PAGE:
HSBC Treasury Management Profiles 2018 -

Current section, Introduction


Turkey has experienced steady growth for more than a decade with an average real GDP growth rate of 5.6 per cent between 2003 and 2016. Structural reforms to increase the role of the private sector in the economy and to enhance the efficiency of the financial sector have helped to position Turkey as a key player in the global economy. A recovery in exports and strong domestic demand helped secure 11 per cent GDP growth in Q3 2017 and, with estimated year-on-year economic growth of 6.5 per cent, Turkey was one of the world’s fastest-growing economies in 2017. The country’s economic stability has also helped transform it in to an upper-middle income country with poverty incidence halved between 2002 and 2015. The IMF raised Turkey’s growth forecast to 4 per cent from 3.5 per cent in February 2018, but despite robust growth indicators, there are concerns about the sustainability of the economy going forward. Turkey’s trade deficit doubled in January 2018 year on year to USD9 billion and increased 83 per cent year on year to USD14.8 billion in February. Its current account deficit has widened to 5.6 per cent of GDP and net foreign direct investment in 2017 fell 18.8 per cent on 2016 figures, to USD10.83 billion, of which 65.2 per cent of the total annual inflow came from the European Union. The government is seeking to increase foreign direct investment over the next 12 months as 2018 sees the launch of major infrastructure projects, such as Istanbul’s New Airport. The government has committed to investing USD64 billion in infrastructure in the coming years.

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Legal and regulatory

  • Foreign exchange and domestic currency (TRY) accounts can be held by residents both domestically and abroad. Resident domestic currency accounts are convertible into foreign currency
  • Non-resident bank accounts are permitted in both foreign and domestic currency. Non-resident domestic currency accounts can be held abroad and are convertible into foreign currency
  • All transactions between residents and non-residents must be reported on an aggregated basis to the Central Bank every month for balance of payments purposes

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  • Residents are subject to taxation on their worldwide income
  • Non-resident companies are only taxed on their Turkish-sourced income
  • The standard corporate tax rate is 22 per cent
  • Foreign currency deposits are subject to 18 per cent withholding tax for a maturity term of up to six months. TRY deposits are subject to 15 per cent withholding tax for a maturity term of up six months. Withholding tax of 15 per cent is levied on all dividends (except for dividends distributed by a resident company to another resident company, and Turkish branches of non-resident companies), and 20 per cent is levied on royalties paid to non-resident companies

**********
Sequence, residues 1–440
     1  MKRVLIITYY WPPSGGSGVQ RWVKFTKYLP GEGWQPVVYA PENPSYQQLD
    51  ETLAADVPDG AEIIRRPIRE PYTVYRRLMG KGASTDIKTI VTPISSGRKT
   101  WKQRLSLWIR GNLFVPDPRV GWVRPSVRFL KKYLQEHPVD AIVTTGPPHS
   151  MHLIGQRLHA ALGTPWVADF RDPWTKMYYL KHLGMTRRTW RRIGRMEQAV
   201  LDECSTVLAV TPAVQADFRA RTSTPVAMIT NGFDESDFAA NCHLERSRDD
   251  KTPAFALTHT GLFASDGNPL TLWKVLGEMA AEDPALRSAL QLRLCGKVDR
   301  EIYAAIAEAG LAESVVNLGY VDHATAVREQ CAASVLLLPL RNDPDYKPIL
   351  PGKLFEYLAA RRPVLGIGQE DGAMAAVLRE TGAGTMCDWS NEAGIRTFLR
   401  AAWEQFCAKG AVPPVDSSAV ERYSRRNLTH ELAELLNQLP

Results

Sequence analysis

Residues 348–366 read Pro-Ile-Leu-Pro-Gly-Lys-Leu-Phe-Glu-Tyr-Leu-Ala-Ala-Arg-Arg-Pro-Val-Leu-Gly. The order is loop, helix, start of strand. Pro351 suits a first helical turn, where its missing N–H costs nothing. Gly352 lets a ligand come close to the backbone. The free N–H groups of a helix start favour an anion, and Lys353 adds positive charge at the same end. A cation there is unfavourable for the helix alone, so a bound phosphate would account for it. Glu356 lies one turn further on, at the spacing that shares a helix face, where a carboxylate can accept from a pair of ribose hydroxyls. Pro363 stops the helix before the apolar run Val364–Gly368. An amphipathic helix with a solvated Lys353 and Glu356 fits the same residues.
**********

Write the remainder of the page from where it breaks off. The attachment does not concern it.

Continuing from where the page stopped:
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Payment instruments and systems

  • Cash is an important payment medium in Turkey, particularly for low-value retail and commercial transactions. Credit transfers are used for both high-value corporate and low-value retail payment transactions. Payment card use is increasing; credit and debit cards accounted for 56.4 per cent and 37.4 per cent respectively of all cashless payments in 2015. Mobile wallet payment schemes such as BKM Express are available
  • Turkey operates three principal national payment systems: EFT, an RTGS system; the Ankara and Istanbul Interbank Clearing Houses, for cheque payments; and the BKM, for card payments. The Central Bank also operates a giro system that processes credit transfers between its 21 branches on a real-time basis. A low volume of payments is processed through this system

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Cash management

  • Notional pooling is not available in Turkey. Cash concentration is permitted between resident and non-resident accounts. Cross-currency notional pooling and cash concentration is permitted
  • Automated collection methods are increasingly used by medium-sized and large businesses in Turkey

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Electronic banking

  • Electronic banking is available in Turkey and offered by all of the country’s commercial banks
  • Internet and mobile banking is provided by all of the country’s leading banks. In 2016, there were 24 million internet banking users and 17 million users of mobile banking services

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To read the full report on Turkey and to discover more on these and other topics, including banking and trade, please click on the Download PDF option.


  • International Monetary Fund
  • Organisation for Economic Co-operation and Development
  • Ministry of Economy
  • Turk Stat
  • Invest in Turkey

The materials contained on this page were assembled in June 2017 (unless otherwise dated).



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